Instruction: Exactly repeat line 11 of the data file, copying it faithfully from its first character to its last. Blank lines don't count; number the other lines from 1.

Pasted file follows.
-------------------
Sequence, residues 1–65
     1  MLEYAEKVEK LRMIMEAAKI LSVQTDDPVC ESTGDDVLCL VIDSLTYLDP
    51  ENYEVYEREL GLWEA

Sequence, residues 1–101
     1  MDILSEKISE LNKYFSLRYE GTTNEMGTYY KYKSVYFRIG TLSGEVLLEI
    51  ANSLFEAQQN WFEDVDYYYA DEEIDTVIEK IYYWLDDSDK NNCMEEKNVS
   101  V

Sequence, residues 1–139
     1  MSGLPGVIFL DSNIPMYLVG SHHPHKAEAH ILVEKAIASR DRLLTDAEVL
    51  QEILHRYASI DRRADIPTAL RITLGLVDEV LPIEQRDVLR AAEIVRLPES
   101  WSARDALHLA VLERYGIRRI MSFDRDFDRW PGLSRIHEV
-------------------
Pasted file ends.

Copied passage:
   101  WSARDALHLA VLERYGIRRI MSFDRDFDRW PGLSRIHEV